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Archive for January, 2008

…and again!

7.15am.

H-jan was about to leave. ‘I’ll see you tonight, we’ll discuss the wedding and set dates’. I smiled in agreement. He’s so perfect, so understanding, so caring. I felt like the luckiest girl in the world.

BOOM!

“Oh shoot,” was his reply. I gasped. We both looked at each other in silence. We knew what it was. Another suicide blast. Later, i learned that it was in Taymani, near Asia Hotel. More news to follow.

Pray for the victims and their families.

Afghanistan may plunge into a “failed state,” experts warn. Insurgency-wracked Afghanistan will become a failed state if urgent steps are not taken to tackle a deteriorating security situation and lackluster reconstruction and governance efforts, experts warned in separate reports Wednesday. (AFP, 30/01/08)

On the brighter side of things. My wedding.

H-jan and i have planned to go to Dubai/Malaysia for the wedding shopping bakhayr. We might go to Dubai only or Dubai and Malaysia. I’m flexible, i’m sure dubai has what we’re looking for.

The wedding has been put forward to end of April – beginning of May. Dad’s idea.

I have my wedding notebook and noted EVERYTHING! Wedding procession, Henna night, schedules, layouts, you name it.

Trip to Australia has been delayed til July (i’m going for F’s wedding!). Also going to show H around… in September, we’re due for the States.

That’s the plan for now.

Ba omideh deedaar, khuda negahdaar.

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In tears and in pain

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This is how a blog scan defined my blog:

Rejuvenation of an Afghan Soul – Atash Parcha explores the personal side of living in Kabul—from the car bombs that only sometimes frighten her to the very joyous event of her recent engagement.

😀

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Ask anyone in Kabul who Tulsi is and you’re sure to see eyes light up. “Tulsi? Of course! She’s the victim. Her daughter-in-law hates her and her two-timing husband has a younger woman. She was right to leave home with her three kids,” people will tell you with a huge grin of satisfaction. Then passersby will get dragged in as the discussion shifts to the latest episodes of Afghanistan’s best-loved TV serial.

It’s the latest trend in Afghan popular culture: Indian serials dubbed into Dari with Pashto subtitles.

Its flagship is Tulsi’s epic tear-jerker, starring an attractive Hindu actress from Mumbai who mesmerizes Afghan viewers with her curve-enhancing costumes and babyish complexion. Close behind, and in a similar vein, are “The Story of Every House” and “The Trial of Life.” The storylines are a classic mix of star-crossed lovers, betrayals and running away from home, garnished with kisses, tears, silicone-enhanced figures and song-and-dance routines.

In the land of burqas, child slavery, captive women, furtive sex with adolescents, and high-walled homes as impenetrable as medieval manors, Tulsi is revolutionary.

All this freedom is too much for the self-appointed custodians of tradition. The gauntlet has been thrown down and, earlier this month, a group of prominent experts in the Quran, all influential members of the Islamic Council of Scholars, gained the support of part of Hamid Karzai’s government to censor the “sinful” programs. The move followed several months of intensive campaigning against privately owned TV stations and films imported from the world of “worshippers of graven idols,” as Hindus are known in these parts.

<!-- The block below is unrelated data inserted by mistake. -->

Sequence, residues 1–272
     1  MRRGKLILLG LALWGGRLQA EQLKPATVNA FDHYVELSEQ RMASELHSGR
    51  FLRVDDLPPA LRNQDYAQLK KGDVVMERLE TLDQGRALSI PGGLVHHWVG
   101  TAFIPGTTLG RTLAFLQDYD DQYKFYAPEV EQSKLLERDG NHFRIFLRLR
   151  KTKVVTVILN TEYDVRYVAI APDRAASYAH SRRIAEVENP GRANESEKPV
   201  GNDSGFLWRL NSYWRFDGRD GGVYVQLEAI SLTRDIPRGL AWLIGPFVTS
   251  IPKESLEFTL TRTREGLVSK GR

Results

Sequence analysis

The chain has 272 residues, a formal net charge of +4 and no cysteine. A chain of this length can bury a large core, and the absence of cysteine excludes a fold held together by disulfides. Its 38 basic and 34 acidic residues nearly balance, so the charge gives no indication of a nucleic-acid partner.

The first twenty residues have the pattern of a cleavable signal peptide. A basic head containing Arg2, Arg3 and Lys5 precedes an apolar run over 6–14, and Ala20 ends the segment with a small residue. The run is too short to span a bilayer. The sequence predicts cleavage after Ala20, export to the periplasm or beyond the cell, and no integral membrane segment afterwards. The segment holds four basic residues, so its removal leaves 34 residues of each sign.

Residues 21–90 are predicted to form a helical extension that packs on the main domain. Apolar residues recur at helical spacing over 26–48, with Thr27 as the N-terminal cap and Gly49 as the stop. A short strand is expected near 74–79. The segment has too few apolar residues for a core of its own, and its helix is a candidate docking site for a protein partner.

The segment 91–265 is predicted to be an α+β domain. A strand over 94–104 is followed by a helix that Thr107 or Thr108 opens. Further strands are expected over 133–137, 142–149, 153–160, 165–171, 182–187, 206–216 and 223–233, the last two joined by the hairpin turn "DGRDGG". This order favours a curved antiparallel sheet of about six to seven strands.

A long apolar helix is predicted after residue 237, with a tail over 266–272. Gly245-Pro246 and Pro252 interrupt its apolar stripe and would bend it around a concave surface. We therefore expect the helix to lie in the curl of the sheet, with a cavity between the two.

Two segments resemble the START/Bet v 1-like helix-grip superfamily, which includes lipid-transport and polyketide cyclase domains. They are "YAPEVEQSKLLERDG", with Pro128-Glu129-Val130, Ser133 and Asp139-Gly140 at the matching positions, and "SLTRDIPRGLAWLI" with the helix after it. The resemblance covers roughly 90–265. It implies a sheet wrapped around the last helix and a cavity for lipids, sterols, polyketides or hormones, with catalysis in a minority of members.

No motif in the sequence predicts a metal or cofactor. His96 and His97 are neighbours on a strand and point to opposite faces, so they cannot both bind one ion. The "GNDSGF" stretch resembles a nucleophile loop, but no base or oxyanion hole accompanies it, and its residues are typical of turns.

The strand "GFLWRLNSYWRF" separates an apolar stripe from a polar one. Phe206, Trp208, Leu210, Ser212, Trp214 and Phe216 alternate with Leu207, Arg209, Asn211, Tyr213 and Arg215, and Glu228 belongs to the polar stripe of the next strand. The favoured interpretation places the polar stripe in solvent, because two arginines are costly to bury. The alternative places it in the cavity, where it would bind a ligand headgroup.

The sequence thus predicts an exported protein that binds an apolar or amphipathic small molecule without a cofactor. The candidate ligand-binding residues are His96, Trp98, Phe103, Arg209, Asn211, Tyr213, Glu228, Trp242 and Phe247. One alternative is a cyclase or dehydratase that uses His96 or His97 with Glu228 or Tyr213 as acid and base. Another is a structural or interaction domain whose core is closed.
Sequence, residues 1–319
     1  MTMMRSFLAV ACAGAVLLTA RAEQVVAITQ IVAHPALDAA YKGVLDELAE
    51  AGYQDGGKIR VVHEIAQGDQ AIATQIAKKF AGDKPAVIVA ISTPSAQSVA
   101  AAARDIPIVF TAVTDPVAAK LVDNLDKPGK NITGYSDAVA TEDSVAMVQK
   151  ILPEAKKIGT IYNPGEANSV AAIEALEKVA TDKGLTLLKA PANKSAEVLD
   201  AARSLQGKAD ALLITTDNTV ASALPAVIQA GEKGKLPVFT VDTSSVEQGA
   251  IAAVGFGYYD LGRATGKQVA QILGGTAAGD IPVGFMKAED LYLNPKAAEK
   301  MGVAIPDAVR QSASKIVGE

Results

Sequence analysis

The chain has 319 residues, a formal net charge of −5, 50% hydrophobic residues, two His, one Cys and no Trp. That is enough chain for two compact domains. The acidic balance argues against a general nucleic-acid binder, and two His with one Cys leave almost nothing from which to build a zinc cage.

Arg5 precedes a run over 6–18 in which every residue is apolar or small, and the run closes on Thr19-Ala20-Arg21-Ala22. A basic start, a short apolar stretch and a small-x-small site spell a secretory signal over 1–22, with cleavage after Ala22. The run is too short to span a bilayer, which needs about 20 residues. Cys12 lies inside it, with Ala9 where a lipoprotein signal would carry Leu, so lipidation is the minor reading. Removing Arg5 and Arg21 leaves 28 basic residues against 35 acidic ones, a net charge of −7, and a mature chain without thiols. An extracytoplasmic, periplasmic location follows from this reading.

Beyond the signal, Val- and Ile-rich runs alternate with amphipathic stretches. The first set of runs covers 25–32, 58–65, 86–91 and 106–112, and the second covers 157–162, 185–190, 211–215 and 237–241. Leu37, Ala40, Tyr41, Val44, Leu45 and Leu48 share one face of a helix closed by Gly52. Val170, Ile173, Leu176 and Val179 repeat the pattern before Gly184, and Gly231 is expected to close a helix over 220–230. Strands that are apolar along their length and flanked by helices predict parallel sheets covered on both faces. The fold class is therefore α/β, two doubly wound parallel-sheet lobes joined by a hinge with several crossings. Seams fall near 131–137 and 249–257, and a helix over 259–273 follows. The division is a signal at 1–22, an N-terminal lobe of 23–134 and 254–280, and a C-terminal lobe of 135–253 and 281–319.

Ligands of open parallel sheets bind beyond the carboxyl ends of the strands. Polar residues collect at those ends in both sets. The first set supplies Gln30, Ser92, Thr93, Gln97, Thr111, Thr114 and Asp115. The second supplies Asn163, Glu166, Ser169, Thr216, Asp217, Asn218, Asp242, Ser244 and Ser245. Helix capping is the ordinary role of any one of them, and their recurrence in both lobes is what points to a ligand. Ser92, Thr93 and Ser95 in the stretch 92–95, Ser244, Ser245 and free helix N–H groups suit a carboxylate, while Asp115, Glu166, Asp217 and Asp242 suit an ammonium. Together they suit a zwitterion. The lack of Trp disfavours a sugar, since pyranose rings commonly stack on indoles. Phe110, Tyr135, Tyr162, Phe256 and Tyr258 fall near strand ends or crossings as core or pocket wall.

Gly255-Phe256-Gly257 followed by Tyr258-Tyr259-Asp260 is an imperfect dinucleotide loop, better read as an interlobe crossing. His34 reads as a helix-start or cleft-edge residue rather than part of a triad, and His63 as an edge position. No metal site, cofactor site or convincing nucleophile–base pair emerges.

The Afghan minister for information and culture has written to the directors of the new TV channels threatening them with immediate closure if the programs are not modified. “It’s a severe blow for the broadcasters. These 15-minute episodes every day are excellent tools for attracting advertising,” says Amir Shah, dean of Kabul’s press corps. It comes as no surprise that this time Karzai has declined to take on the Islamic Council directly. To the contrary, he is more or less openly backing it.

For more than a year, police officers have had orders to confiscate alcoholic beverages sold on the street, and the days when Chinese brothels operated openly in the city centre are no more.

Only two months ago, a couple of dozen red-light establishments were shut down and about 300 Chinese prostitutes expelled from Afghanistan. (Source: World Politics Review, 01/19/2008, By Lorenzo Cremonesi)

I fully agree. Bollywood is washing the minds of many afghans. Afghanistan is becoming too Indian, families are following the dramas so closely that it’s ‘leaking’ into their own family home. Following the ‘Indian’ way of life. Hmmph!

Yes, i agree that the Afghans also need entertainment. But why Bollywood dramas with Hindu rituals? Pakistan has just as good dramas with religion and culture similar to ours.

Never been a fan of Bollywood.

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Ashura- 10th Muharram

Black flags wave in mourning. Ya hussein printed in Arabic. It’s the Holy Day for Muslims. It was the day Hassan and Hussein passed away. Although I’m not a Shiite, i still respect their faith and will not judge them. I believe Muslims need to unite under one flag, not point out their differences. Once a Muslim recites the kalima (Bear witness that there’s not God and Mohd is the last messenger) the rest is between him/her and God.

 So what’s Ashura all about?

On this day Shi’a are in remembrance, mourning attire is worn; they refrain from music, the reason being naturally in Islam when death has occurred music is considered impolite. It is a time for sorrow and respect of the person’s passing and it is also a time for self reflection. Basically committing yourself to the mourning of the Imam Hussein completely. Weddings and parties are also never planned on this date by Shias. Shias also express mourning by crying and listening to poems about the tragedy. They also listen to sermons on how Hussein and his family were martyred. This is intended to connect them with Hussein’s suffering and martyrdom, and the sacrifices he made to keep Islam alive. Hussein’s martyrdom is widely interpreted by Shi’a as a symbol of the struggle against injustice, tyranny, and oppression